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Over the years since I began conversing with God, I have had many doubts.  Are these conversations real?  Is God really talking with me?  Am I crazy?  One thought which could not take hold was that I was talking with evil spirits.  The voice I was hearing was a voice of love, and my heart responded to that love.  My love language is communication.  A God who both listens and talks with me won my heart.

This past summer, I stopped hearing God.  I do not say God stopped speaking, but I stopped hearing.  It was devastating.  Just as a tree grows in response to light, I had grown amazingly in response to God's love and His giving of Himself to me in communication.  Though I wasn't hearing His voice, I had the understanding that God was allowing my fears to grow so I could see them for the lies they were and reject them.  I knew I had been holding onto both faith and doubt.  I had to make a decision.  The picture I had was of a garden with small weeds continuing to steal nutrition from the true vegetables.  With God's help, I was plucking up the weeds before they could grow big, but they always snapped off and left the roots behind.  God wanted to remove the roots.

A few years back, God asked me what doubt is.  I didn't know.  Was doubt the same as unbelief?  With the help of my husband and BibleWorks software, I hunted for the answer.  I learned something interesting.  The Greek word for doubt basically means to sit in judgment listening to the evidence on both sides of an argument.  It means you haven't decided yet which is true.  You're considering.  The writer George MacDonald considered doubt an important part of our Spiritual development.  Without the process of doubt, we could never reach the truth.  Jesus brought doubt with Him.  Can the law really save you?  You say you keep the law, but if you break it in your heart, you are breaking the law.  If you break just one bit of the law you are breaking the whole of the law.  Can the law really save you?  If no one had doubted and considered Jesus' questions, no one could have come to faith in Him.

Doubt is important to our Spiritual development, but the purpose of doubt must be accomplished.  We must make a decision.  What do we believe?  We cannot keep endlessly listening to arguments.  We must make a decision, a firm decision.  God told me, we have to shut the door behind us and begin to walk down the path we've chosen.  He assured me, even if I made the wrong decision, He could lead me to a turn around place.  I thought about how often when driving we have to go the wrong direction for a time in order to get to the right place.  God told me to start walking, and He would go with me.  So I decided to walk down the path with God and talk with Him.  While we walked, He invited me to ask Him any questions and tell Him why I continued to doubt.

We walked and talked together for two years.  God more than answered every objection I had for Him.  Then He rested His case.  It was time for me to make a decision.  I had to choose whether I would believe what He said or what I had always understood in the past.  I knew what I wanted to chose.  God's words and His presence are beautiful.  What I couldn't figure out was what to do with the doubt I still had.  I tried to wrestle with it and make it go away.  It wouldn't go.  I agonized.  I waited.  I accused God of not helping me.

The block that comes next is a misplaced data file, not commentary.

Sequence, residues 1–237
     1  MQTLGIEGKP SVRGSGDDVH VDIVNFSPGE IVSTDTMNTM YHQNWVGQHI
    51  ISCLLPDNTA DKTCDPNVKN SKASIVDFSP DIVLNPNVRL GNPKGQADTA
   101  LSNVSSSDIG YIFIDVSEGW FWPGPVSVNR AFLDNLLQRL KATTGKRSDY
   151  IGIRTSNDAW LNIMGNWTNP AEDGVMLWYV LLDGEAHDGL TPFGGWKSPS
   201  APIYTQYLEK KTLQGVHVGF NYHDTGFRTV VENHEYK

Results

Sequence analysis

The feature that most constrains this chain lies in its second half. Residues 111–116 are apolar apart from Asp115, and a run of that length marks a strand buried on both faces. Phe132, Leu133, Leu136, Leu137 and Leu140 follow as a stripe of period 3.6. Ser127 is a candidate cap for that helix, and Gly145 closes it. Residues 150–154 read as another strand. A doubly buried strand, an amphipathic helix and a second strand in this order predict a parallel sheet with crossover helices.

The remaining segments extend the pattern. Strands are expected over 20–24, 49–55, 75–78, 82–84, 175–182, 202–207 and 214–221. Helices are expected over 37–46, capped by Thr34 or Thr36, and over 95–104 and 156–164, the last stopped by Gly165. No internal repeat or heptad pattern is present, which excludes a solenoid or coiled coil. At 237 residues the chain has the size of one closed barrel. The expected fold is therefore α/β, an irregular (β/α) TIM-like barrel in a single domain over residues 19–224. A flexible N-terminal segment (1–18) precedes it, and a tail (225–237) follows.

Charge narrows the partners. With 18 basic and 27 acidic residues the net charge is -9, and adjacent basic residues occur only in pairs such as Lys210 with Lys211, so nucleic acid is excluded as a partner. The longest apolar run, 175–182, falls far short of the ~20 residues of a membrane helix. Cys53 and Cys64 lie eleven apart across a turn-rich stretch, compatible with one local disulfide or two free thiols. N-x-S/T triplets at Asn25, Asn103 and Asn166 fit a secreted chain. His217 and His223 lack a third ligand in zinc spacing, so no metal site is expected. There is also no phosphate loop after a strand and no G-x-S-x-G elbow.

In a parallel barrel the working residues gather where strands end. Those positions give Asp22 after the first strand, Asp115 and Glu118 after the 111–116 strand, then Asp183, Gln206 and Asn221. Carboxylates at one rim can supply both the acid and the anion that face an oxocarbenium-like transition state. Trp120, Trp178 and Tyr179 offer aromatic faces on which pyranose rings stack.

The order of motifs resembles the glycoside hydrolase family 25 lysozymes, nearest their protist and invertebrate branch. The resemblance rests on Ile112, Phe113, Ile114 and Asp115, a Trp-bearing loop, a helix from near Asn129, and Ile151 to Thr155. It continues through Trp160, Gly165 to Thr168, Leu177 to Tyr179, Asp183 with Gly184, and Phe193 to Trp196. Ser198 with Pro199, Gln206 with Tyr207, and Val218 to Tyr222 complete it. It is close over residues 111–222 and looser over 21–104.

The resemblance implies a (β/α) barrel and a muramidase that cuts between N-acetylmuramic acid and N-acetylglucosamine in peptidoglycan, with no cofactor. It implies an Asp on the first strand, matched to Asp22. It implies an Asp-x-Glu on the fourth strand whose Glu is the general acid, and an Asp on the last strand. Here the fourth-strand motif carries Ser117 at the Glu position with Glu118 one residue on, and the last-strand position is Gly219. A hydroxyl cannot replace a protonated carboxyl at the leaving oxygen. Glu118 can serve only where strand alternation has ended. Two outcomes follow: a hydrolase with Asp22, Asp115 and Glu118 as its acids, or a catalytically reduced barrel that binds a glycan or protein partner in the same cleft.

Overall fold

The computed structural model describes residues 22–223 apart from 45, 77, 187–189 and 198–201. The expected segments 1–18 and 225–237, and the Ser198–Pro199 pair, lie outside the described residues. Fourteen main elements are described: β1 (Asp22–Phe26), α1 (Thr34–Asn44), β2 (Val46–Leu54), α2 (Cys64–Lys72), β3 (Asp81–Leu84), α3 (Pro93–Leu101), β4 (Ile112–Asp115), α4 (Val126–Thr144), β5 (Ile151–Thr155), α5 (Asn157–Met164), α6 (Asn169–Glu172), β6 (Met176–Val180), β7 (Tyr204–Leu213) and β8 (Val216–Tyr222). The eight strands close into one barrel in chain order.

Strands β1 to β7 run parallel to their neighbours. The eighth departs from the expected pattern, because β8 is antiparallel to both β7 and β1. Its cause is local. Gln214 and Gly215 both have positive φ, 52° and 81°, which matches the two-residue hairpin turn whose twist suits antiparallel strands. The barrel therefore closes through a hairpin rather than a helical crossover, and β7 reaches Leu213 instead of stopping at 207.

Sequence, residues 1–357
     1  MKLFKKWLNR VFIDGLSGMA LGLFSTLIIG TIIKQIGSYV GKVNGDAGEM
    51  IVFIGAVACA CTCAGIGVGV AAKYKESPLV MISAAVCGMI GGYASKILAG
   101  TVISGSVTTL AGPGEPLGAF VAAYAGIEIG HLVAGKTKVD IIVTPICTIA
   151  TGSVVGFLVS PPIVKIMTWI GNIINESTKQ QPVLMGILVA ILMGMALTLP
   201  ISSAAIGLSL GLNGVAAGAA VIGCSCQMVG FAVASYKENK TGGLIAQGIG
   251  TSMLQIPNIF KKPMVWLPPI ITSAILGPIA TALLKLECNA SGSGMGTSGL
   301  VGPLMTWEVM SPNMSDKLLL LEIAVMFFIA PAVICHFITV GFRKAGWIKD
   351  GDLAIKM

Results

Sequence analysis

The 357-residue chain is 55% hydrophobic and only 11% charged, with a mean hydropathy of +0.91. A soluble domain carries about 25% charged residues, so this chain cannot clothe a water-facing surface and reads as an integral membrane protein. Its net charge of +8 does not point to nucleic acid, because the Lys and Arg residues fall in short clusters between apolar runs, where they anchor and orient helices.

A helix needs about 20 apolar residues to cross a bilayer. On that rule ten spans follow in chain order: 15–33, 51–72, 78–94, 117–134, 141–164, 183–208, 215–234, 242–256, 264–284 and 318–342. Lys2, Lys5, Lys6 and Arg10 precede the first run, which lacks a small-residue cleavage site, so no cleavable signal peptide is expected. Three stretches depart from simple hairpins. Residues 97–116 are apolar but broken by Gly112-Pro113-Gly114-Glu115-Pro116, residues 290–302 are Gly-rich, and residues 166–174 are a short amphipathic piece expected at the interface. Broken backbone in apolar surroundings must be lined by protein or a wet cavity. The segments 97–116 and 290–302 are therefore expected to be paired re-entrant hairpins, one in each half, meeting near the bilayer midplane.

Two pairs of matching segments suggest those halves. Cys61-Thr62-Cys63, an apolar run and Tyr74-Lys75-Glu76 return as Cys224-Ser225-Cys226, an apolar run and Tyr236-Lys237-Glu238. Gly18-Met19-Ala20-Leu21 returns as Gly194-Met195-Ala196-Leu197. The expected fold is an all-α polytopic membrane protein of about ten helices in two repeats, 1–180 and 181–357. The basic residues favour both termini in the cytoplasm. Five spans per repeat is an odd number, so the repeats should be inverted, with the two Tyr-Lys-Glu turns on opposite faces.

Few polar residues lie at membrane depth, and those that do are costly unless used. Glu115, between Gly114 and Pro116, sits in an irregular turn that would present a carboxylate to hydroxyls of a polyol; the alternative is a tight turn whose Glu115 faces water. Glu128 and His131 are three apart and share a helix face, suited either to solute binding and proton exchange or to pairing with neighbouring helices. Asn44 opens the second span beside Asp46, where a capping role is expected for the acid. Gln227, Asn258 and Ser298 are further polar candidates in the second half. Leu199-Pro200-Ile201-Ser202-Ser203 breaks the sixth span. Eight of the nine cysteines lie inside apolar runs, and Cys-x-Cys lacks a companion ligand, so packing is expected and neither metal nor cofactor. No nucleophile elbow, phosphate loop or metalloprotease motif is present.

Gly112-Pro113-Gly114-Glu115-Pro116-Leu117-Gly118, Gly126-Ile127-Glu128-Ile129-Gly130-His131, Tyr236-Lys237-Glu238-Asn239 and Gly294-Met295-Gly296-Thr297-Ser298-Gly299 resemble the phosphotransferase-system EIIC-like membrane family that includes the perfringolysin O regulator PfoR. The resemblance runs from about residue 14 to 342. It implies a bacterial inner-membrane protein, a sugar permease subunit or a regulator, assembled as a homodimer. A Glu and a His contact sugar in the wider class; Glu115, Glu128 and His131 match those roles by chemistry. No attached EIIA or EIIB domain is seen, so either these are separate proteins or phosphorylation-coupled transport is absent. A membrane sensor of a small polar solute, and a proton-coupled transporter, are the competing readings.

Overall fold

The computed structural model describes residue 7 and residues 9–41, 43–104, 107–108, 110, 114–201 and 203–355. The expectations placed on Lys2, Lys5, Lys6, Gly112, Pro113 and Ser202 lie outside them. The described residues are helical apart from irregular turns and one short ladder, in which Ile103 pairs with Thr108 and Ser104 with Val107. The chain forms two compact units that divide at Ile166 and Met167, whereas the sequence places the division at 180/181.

Finally I asked God one more question.  What do I do with the doubt?  Instantly, I was standing in front of my Grandfather's barn.  A vision like this was a new experience for me, but I knew it was God.  Um, why am I here?  "Climb up into the hayloft."  I climbed into the hayloft.  It was filled with golden light and hay and haydust.  I waited a minute; then um, what do I do here?  "Lay down and rest."  I lay down.  I waited a minute; then um, why am I in the hayloft?  I don't get it.  Instantly, I was in front of the barn again.  I saw the barn -- hayloft above, barn floor below.  The hayloft was dusty, but clean.  The barn floor was nasty.  You really want galoshes/gum boots to walk there.  As I looked, I heard, "You stay in the hayloft.  I will deal with the barn floor."  I realized that I had been mucking about on the barn floor of my doubts.  I was trying to rid myself of the filth of my doubts and was only getting more mired.  My place is to dwell on my faith and to nurture it by resting in God's light, in His life-giving presence.  The only decision I need to make is to continue to listen to and to respond to His voice, to continue to walk in His presence, to focus on what is true rather than on all the doubts the world would throw at me.

Over the years as I have conversed with God, I have many times had others say they longed for that kind of communication with God.  I have said that God loves to communicate with His children including them.  Several times, I have been asked, But what if you don't believe He communicates with you?  I haven't known what to answer.  These are people whom I love.  I want them to have what I have.  I'm a woman.  I love community gab sessions.  My conversations tend to be heavily spiked with God talk rather than gossip, but that's because gossip is boring and old hand.  It may be a new person, but the news is old.  The things I'm hearing are NEWS.  I love talking them over with others.  I have longed to answer their question but haven't known how.  The answer is that the question is wrong.  Instead of looking at ourselves and at the sin and unbelief at work within us, we need to look at God, the Good Father, who is love.  Love communicates.  All we can do is think on these things.  If we long to communicate with God, then that longing is something we inherited from Him.  He promised that His sheep hear His voice.  Our longing for Him tells us we are His sheep.  Don't be afraid to listen to the voice of love that is already speaking to you.